Back in the day, I made Sight-Reader stream for 2 bars, then 4 bars... In Guitar SightReader Toolbox, I decided to make SightReader show static sight-reading bars. I remember seeing my friend Paul (a bass player friend of mine) get excited with the early version of SightReader saying "I'm reading music"! So, with that image in mind, and with GSRT 5.1.0 out, I am going to sit down, program and add this streaming SightReader to the application. It's going to take a lot of math
I'm still working hard on the Windows version 5.0.0. My goal is to do away with all 3rd party needed software. Java will still be required - I'm looking at adding it in the install. I'm also going to add recording to the sight-reading tool. It's great to read musical notation - but the next level is to make it sound musical rather than just typewriting! Recording yourself playing in SightReader will allow you to hear if your performance actually sounds musical! If you didn'
Here is a list of the expected jazz repertiore for the New Zealand School of Music Bachelor degree... I would suggest checking out the youtube version of each song and listening to it until you can play it back in your mind. A. Learn the Chords B. Learn the Melody C. Change Run it (1,3,5,7 of each chord - different combinations for this too) D. Compose a Solo using Jazz Idioms. Good place to start from is the 3 or 7 of each chord. While soloing, be able to play back the me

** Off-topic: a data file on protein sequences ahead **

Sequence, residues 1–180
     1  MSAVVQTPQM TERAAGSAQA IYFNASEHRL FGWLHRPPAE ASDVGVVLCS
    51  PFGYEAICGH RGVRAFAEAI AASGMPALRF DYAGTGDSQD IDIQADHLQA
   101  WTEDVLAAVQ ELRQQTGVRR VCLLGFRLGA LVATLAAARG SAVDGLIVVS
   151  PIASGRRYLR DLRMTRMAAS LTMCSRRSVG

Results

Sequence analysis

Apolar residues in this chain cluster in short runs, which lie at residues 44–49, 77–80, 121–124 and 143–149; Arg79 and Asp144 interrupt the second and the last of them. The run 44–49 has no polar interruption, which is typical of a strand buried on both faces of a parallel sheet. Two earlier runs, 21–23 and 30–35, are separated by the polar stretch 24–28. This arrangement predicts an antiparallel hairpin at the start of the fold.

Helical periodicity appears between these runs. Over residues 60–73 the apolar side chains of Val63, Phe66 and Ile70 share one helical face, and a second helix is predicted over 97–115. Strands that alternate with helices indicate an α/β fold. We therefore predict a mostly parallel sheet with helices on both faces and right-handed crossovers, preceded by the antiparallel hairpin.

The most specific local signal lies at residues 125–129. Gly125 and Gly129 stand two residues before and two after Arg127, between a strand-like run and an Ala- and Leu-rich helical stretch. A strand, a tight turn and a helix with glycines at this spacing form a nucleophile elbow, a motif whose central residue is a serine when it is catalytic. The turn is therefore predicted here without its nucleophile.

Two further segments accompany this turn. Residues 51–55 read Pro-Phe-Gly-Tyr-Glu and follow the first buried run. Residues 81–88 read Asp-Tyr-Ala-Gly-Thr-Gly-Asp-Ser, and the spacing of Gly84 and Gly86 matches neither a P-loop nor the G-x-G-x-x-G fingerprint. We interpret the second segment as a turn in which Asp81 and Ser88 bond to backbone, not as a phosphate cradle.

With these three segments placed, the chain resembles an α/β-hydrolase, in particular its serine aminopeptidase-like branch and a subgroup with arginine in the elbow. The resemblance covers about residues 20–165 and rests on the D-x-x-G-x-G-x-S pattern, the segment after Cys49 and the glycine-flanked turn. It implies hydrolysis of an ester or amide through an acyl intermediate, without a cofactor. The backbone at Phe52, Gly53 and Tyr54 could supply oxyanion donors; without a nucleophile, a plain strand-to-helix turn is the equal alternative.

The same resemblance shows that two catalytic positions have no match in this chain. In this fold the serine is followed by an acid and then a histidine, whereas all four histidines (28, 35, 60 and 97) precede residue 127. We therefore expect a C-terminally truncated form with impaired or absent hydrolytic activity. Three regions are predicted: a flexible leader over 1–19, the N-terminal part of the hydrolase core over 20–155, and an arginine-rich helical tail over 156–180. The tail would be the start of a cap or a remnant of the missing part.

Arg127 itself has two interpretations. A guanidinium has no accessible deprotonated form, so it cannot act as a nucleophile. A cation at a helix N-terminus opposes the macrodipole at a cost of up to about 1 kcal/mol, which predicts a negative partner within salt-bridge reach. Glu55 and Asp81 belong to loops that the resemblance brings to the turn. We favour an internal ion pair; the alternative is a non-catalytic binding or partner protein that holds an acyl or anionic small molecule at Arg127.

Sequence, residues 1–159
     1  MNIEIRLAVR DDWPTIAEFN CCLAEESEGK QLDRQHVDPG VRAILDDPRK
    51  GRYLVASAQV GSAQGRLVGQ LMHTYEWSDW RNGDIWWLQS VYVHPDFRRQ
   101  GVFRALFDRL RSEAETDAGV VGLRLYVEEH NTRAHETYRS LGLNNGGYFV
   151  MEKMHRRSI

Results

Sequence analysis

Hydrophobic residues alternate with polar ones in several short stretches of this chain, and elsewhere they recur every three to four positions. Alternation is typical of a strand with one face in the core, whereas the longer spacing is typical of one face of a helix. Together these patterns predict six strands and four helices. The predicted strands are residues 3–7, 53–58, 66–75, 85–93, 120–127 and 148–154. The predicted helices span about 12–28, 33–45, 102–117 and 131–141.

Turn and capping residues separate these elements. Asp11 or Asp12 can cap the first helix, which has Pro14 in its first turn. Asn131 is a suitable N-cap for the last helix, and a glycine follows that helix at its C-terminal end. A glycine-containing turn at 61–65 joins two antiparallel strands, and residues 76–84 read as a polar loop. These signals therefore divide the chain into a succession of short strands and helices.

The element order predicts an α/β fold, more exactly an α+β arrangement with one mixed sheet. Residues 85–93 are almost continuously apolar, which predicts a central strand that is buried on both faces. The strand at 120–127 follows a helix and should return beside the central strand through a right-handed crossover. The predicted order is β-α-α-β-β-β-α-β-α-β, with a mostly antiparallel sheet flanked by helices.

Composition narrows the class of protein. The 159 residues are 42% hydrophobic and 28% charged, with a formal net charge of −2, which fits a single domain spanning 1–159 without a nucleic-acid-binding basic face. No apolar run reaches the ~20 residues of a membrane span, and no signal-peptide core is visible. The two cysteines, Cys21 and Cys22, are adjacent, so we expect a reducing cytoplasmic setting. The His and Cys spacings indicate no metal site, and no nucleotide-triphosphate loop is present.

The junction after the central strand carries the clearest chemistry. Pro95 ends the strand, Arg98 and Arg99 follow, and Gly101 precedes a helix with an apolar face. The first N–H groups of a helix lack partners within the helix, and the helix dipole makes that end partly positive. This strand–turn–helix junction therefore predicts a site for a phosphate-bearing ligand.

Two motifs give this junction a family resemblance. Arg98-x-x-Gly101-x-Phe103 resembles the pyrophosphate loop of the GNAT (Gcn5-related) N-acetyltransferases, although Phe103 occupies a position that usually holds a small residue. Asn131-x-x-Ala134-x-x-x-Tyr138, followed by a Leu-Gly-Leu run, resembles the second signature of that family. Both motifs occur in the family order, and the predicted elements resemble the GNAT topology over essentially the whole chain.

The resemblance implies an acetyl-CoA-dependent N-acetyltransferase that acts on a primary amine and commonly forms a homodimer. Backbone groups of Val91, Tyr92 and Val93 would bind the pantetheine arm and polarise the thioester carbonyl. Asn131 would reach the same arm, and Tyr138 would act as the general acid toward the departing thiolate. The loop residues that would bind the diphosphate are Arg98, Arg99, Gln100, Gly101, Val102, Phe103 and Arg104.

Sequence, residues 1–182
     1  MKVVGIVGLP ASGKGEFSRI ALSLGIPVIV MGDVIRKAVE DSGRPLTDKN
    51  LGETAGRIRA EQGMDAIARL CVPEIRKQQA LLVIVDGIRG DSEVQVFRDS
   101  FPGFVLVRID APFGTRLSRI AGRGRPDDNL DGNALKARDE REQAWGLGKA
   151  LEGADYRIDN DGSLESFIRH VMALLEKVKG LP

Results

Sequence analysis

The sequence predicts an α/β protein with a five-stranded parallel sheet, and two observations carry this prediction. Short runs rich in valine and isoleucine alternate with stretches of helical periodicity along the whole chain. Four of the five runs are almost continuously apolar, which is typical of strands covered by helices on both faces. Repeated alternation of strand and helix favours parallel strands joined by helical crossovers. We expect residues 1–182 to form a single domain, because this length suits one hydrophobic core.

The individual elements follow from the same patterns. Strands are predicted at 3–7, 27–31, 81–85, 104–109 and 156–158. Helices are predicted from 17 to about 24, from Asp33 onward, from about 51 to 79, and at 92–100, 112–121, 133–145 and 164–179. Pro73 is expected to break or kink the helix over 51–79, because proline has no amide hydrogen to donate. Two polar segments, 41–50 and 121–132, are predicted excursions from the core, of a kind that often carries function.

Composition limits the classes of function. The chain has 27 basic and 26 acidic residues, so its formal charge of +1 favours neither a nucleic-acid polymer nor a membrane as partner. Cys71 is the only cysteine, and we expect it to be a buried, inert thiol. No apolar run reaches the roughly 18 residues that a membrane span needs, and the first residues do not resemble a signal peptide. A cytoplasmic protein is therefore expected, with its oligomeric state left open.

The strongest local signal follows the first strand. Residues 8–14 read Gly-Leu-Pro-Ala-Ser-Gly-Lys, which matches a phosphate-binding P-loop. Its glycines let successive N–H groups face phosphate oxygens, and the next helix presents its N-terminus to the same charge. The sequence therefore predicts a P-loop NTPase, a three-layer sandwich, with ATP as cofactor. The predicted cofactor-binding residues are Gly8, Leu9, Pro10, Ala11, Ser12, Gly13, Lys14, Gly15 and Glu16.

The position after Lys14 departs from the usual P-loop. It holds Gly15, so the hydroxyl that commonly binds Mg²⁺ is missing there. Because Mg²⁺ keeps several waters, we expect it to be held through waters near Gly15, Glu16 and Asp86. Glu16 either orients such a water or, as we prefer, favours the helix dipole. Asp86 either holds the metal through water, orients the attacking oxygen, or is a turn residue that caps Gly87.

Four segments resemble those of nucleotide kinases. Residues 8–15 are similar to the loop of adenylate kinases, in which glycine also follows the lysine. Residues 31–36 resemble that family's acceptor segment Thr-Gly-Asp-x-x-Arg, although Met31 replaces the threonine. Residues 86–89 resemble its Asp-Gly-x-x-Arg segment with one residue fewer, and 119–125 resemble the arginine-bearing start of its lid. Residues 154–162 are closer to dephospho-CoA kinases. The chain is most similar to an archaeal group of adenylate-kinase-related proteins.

I came across a really, really cool way to generate original licks using SightReader! First of all, choose an interesting scale and key. Choose the timing subdivisions and interval jumps you'd like to have in your lick. Then just generate and play until you come across a bar or 2 bars worth of a phrase that tickles your ears. Then learn it. 1) you get a really original lick 2) This will advance your sight-reading as you need to work out the lick first from just music!
Sight-reading on guitar is harder than most other instruments, However, it comes down to just doing it. Just practicing it. Unless your garden has a tree that grows money, sight-reading material, especially for a particular level of ability costs quite a bit of money. That's why I started creating sight-reading tools for computers back in 2001 - there was no software on the net back then to help with this (I was searching everywhere). So I set out making my own and made it
In order not to lose your place when you are reading music, I suggest you move your eyes and not your head – also, if needed, hold your guitar so that you can see both the fret-board and the sheet music in the same field of vision. That means you don’t need to move your head, just your eyes to see either your fret-board placing or your music. This way, you’ll keep your place a lot better! When it comes to reading charts, part indicators are things that you should know: Here a